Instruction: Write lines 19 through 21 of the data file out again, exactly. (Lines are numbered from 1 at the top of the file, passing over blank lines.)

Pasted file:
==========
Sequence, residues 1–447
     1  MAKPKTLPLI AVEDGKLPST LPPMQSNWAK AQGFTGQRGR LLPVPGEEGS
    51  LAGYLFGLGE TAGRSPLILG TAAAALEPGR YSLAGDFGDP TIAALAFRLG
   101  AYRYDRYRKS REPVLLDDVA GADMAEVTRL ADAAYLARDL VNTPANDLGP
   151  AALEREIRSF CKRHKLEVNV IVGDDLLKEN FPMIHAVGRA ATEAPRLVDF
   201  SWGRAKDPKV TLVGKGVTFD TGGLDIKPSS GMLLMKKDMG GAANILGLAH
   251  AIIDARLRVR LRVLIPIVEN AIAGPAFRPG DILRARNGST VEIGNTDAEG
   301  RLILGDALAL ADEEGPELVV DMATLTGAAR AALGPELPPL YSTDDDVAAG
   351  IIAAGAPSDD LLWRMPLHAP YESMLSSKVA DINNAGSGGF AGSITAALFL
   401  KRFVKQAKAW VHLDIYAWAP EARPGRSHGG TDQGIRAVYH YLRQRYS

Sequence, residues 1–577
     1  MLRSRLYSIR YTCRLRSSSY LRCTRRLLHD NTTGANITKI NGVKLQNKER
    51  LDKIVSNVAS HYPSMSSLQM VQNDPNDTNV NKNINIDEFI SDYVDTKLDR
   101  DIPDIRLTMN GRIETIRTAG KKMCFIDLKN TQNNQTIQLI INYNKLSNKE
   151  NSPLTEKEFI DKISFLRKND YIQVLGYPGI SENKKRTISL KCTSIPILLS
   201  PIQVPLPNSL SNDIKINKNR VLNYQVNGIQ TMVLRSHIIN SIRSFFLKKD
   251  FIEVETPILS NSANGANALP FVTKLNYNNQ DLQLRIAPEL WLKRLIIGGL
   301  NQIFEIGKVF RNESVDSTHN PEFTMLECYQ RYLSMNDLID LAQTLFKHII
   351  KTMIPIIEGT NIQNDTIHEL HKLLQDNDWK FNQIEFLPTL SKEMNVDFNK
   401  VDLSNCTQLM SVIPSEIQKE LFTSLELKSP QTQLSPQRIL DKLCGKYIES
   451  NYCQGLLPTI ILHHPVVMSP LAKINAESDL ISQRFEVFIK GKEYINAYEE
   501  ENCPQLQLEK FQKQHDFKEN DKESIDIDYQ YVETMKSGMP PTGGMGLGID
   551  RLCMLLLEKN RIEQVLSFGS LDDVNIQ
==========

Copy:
   351  KTMIPIIEGT NIQNDTIHEL HKLLQDNDWK FNQIEFLPTL SKEMNVDFNK
   401  VDLSNCTQLM SVIPSEIQKE LFTSLELKSP QTQLSPQRIL DKLCGKYIES
   451  NYCQGLLPTI ILHHPVVMSP LAKINAESDL ISQRFEVFIK GKEYINAYEE